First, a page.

3 Tips to Control High Blood Pressure

Senior getting heart health check upIn recognition of Heart Month this February, the Cognitive Therapeutics team is raising awareness around the link between high blood pressure and an increased risk of dementia and stroke. Worldwide, there are 970 million people living with high blood pressure, also known as hypertension. The World Health Organization estimates that hypertension is one of the leading causes of premature death as it is a risk factor for heart disease and stroke. In addition, a growing body of scientific literature indicates that hypertension may also be linked to cognitive decline and dementia. Most importantly, high blood pressure is both preventable and treatable; controlling risk factors for hypertension today may contribute to a healthier brain in the future.

Here are 3 tips we recommend to controlling or preventing high blood pressure:

  1. Eat a Mediterranean diet. Commonly known for its cardiovascular and brain health benefits, a Mediterranean diet is effective in delaying cognitive decline and regulating blood pressure. The diet consists of fruits, vegetables, beans, unrefined grains and fish along with a moderate consumption of wine. The key to reducing blood pressure is to eat a balanced, nutritional diet and to minimize salt intake, alcohol and tobacco usage.
  2. Exercise. Physical activity has been shown to improve brain health, boost mood and reduce blood pressure. Exercising promotes blood flow to the brain and heart, which increases the amount of oxygen flowing to these vital organs. We recommend 10-20 minutes of light physical activity daily.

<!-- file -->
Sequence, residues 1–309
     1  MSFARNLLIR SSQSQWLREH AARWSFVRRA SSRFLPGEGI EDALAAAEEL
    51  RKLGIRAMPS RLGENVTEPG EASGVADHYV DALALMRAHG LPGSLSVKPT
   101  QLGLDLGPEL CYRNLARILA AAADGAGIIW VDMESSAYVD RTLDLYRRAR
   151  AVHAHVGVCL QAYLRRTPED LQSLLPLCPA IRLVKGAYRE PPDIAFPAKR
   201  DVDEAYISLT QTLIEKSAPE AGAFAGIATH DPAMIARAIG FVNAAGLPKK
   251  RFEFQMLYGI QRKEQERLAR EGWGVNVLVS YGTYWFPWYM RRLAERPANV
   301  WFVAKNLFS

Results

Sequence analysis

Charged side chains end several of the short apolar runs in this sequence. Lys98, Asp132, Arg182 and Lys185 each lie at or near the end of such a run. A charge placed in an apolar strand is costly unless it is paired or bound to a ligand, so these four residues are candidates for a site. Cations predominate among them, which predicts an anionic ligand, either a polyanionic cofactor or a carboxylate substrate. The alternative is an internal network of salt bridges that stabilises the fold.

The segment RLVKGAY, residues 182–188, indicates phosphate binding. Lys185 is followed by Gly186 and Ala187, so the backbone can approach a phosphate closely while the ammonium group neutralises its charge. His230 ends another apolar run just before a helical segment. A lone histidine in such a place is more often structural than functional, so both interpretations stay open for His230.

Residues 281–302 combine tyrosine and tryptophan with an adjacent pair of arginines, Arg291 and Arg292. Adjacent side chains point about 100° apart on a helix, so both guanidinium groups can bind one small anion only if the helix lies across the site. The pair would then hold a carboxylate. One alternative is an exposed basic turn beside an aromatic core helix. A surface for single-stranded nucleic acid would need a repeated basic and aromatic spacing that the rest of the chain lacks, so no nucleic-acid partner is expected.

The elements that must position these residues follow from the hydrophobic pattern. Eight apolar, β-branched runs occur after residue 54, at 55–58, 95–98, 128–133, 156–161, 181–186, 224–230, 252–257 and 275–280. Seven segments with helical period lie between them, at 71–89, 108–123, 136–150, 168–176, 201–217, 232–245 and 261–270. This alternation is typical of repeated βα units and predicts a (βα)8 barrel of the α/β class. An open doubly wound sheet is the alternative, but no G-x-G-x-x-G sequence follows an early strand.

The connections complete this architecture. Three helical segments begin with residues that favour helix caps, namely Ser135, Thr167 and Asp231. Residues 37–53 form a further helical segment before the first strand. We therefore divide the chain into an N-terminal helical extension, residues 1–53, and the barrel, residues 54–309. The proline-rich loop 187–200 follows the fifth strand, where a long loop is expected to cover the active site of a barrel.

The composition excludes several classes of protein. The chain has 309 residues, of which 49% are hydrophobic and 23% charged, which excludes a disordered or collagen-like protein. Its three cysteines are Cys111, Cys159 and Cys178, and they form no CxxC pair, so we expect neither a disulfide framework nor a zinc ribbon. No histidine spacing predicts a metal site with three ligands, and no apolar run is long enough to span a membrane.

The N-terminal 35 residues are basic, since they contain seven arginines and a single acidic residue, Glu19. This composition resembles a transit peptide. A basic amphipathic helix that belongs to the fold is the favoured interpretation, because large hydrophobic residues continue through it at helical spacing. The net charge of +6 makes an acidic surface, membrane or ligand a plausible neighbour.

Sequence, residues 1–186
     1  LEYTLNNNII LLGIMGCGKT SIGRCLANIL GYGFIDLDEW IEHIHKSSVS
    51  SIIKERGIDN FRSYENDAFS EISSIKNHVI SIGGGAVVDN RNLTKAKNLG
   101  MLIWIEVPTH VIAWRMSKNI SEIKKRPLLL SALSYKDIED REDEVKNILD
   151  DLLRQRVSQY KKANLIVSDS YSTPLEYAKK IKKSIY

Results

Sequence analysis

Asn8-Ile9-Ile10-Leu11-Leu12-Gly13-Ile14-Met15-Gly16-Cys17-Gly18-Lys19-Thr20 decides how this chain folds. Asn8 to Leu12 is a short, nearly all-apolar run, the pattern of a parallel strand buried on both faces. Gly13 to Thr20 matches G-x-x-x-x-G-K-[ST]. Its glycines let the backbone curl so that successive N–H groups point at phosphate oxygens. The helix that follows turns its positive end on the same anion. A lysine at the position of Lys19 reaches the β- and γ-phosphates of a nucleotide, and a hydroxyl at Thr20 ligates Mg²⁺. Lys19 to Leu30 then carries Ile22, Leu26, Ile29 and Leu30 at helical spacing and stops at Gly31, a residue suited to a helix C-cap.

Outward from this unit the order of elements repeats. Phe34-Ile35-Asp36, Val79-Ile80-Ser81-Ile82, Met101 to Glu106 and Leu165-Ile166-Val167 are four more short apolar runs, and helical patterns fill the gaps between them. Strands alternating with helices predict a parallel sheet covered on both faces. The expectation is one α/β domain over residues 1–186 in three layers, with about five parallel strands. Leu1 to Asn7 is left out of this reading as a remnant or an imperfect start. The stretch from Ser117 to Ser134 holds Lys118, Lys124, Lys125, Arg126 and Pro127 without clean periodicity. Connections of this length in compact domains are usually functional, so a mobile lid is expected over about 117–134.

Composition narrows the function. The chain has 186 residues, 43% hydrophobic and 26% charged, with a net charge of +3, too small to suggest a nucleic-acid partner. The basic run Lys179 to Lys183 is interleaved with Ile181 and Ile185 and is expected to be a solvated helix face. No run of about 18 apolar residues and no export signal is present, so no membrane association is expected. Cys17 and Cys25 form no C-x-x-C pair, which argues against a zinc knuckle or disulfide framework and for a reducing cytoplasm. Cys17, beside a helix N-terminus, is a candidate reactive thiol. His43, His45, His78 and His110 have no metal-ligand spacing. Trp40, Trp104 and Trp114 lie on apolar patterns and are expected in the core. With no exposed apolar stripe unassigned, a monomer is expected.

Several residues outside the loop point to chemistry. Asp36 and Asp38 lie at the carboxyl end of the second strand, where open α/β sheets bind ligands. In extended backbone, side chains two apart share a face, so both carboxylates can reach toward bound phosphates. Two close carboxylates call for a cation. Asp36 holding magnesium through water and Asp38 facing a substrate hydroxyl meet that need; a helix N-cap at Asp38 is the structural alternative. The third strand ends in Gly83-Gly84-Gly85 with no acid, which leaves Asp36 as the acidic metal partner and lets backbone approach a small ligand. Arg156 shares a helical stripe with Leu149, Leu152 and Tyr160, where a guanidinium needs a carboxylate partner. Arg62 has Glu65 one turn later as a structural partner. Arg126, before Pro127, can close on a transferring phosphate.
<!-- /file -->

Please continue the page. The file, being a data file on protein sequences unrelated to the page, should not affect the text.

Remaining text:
3. Get regular check-ups. It is important to be aware of your current blood pressure by getting regular check-ups with your primary physician, who will be able to help you identify risk factors and work with you to reduce them. If you have already received a diagnosis of hypertension, a physician can suggest lifestyle changes to reduce blood pressure or prescribe pharmaceutical solutions, if necessary. 

Blood pressure may increase as a result of aging but leading a proactive, heart-healthy lifestyle can reduce that risk. By maintaining weight, eating a healthy diet, engaging in physical activity and attending regular check-ups, you will be able to manage your blood pressure and greatly reduce your risk of stroke and dementia.

In recognition of Heart Month, Home Care Assistance’s Patient Guides for Cardiac Rehabilitation and Post-Stroke Care are available to download for free from the company’s website. For more information, visit www.HomeCareAssistance.com/HeartMonth.